Fatal Vexation

We must cherish joy where we find it in these dark times. For me, today, that has meant savoring the fact that David Hume, in his magisterial six-volume History of England (1754-61), records no fewer than seven people in English history as having died from vexation and / or disappointment. 

These are their (somewhat abrupt) stories.

  • “Aldred, archbishop of York, who had set the crown on William’s head, had died a little before of grief and vexation.”
  •  “The affliction for this disaster, and vexation from the distracted state of his affairs, encreased the sickness under which [King John] then laboured; and though he reached the castle of Newark, he was obliged to halt there, and his distemper soon after put an end to his life.”
  •  “Harris, an alderman of London, was indicted, and died of vexation before his trial came to an issue.”
  • “The high-spirited nobleman [Southampton] retired from the council, and soon after died from vexation and disappointment.”
  • “Drake himself, from the intemperance of the climate, the fatigues of his journey, and the vexation of his disappointment, was seized with a distemper, of which he soon after died.”
  • “[Walter Devereux, first Earl of] Essex died of a distemper, occasioned, as is supposed, by the vexation, which he had conceived, from his disappointments.”
  • “That gallant Englishman [Sir John Norris], finding that he had been deceived by treacherous promises, and that he had performed nothing worthy of his ancient reputation, was seized with a languishing distemper, and died of vexation and discontent.”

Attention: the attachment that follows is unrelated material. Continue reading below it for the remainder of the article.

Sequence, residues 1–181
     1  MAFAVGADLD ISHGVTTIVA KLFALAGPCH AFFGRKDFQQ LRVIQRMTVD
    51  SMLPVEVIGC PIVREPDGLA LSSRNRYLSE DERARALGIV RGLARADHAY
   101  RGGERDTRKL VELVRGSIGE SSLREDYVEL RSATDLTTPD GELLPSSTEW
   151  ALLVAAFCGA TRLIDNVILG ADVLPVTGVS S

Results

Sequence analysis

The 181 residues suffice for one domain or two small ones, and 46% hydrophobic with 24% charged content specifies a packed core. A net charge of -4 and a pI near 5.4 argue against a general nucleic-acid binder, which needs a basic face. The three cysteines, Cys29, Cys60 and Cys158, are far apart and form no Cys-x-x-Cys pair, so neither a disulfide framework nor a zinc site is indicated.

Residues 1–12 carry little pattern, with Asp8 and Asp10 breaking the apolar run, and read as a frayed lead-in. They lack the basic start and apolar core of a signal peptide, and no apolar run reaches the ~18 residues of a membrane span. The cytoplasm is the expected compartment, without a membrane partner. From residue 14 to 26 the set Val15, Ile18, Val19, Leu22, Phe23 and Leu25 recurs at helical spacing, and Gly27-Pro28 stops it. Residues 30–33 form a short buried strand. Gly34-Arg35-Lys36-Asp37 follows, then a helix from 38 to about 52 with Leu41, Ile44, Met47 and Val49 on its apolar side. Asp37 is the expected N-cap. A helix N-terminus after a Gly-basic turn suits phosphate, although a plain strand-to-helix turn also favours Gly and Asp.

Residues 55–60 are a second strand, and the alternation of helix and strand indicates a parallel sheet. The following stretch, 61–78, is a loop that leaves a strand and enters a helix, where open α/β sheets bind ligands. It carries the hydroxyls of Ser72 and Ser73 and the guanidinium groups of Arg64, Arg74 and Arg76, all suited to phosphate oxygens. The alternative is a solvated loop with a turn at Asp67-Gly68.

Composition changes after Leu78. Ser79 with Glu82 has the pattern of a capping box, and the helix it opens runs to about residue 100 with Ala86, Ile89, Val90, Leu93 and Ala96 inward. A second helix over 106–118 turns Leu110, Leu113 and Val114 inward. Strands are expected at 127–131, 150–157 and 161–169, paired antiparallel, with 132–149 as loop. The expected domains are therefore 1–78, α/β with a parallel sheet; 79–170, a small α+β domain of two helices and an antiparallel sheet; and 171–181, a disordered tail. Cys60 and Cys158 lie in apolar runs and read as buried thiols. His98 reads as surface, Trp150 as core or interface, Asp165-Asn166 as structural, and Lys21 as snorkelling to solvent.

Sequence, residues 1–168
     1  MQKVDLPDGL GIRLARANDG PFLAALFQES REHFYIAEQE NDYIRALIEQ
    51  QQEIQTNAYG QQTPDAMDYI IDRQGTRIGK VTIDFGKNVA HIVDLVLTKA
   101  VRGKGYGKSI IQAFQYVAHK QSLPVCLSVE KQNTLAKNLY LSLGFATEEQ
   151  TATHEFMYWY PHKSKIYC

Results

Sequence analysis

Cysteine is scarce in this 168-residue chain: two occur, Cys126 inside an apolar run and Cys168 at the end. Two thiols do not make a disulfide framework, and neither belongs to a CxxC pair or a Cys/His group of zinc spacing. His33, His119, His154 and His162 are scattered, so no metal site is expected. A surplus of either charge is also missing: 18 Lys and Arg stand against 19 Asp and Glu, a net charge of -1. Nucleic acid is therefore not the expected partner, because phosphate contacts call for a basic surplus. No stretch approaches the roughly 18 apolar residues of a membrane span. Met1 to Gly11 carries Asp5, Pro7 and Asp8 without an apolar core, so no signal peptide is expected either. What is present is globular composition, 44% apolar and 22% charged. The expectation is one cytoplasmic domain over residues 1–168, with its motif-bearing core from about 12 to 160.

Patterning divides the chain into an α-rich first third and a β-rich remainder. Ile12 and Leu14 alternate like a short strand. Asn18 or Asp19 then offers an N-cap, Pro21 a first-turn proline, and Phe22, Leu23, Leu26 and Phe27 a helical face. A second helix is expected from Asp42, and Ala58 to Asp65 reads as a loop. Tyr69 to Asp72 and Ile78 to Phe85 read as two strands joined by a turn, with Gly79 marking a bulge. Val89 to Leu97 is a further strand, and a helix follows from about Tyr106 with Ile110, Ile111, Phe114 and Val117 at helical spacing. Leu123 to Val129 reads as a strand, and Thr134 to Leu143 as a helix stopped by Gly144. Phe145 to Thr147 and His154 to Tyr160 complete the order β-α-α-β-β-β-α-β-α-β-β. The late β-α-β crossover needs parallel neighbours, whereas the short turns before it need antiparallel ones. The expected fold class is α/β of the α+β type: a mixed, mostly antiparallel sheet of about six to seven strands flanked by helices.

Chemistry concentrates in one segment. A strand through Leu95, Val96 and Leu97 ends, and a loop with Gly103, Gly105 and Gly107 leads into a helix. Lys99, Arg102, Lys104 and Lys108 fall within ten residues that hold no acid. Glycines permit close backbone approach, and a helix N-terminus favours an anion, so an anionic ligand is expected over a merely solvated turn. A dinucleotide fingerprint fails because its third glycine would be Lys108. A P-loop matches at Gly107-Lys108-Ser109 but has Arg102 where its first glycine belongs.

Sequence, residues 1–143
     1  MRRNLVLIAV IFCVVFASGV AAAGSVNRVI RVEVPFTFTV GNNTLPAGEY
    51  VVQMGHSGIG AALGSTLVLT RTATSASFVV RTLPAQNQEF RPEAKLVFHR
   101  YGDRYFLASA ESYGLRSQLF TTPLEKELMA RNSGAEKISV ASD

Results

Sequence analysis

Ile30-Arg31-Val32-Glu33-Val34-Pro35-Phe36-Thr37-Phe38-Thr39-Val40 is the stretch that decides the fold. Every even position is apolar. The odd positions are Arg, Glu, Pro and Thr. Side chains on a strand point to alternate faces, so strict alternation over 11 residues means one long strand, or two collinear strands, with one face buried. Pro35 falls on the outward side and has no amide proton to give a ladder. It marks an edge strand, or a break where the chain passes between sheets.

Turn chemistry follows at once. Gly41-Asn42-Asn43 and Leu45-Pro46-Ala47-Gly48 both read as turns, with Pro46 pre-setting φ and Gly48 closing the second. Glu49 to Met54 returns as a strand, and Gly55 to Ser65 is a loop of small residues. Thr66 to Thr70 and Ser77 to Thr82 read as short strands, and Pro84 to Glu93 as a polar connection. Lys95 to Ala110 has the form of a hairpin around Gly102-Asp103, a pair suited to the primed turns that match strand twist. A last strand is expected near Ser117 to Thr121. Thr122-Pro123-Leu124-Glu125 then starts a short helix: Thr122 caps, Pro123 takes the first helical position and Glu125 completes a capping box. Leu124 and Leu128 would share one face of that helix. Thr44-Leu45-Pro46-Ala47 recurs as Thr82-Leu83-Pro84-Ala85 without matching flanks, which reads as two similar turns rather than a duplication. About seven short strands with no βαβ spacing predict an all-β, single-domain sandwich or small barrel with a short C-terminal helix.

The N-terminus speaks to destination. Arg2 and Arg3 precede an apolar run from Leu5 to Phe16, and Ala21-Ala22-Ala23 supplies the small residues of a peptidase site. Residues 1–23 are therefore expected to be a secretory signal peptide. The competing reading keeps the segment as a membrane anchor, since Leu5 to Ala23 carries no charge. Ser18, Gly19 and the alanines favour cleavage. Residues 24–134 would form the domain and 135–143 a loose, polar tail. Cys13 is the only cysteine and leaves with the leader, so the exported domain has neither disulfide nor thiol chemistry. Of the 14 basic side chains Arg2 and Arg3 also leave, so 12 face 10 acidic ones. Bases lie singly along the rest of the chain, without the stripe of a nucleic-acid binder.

• And, just to end on a high note, a non-fatal case of vexation:
    • “But though he [Robert Devereux, second Earl of Essex, son of Walter—so genetic predisposition to fatal vexation] affected to be so entirely cured of his aspiring ambition, the vexation of this disappointment, and of the triumph gained by his enemies, preyed upon his haughty spirit, and he fell into a distemper, which seemed to put his life in danger.” But then, Elizabeth I sent him “some broth” and “a message” and Essex was “restored in his health”!!! (True, he is executed the following year, at age 34, having “given reins to his ungovernable passions, and involved, not only himself, but many of his friends, in utter ruin.” But still.)

Detail from engraving by Jean-Baptiste Simonet, illustration from Johann Wolfgang Goethe’s The Sorrows of Young Werther


Day 190: I am part of the resistance inside Sarah Tindal Kareem’s mind

“ … we may observe, that the true idea of the human mind, is to consider it as a system of different perceptions or different existences … One thought chases another, and draws after it a third, by which it is expell’d in its turn. In this respect, I cannot compare the soul more properly to any thing than to a republic or commonwealth, in which the several members are united by the reciprocal ties of government and subordination, and give rise to other persons, who propagate the same republic in the incessant changes of its parts. And as the same individual republic may not only change its members, but also its laws and constitutions; in like manner the same person may vary his character and disposition, as well as his impressions and ideas, without losing his identity.”  (David Hume, A Treatise of Human Nature, Book I. Part IV. Section VI: Of Personal Identity)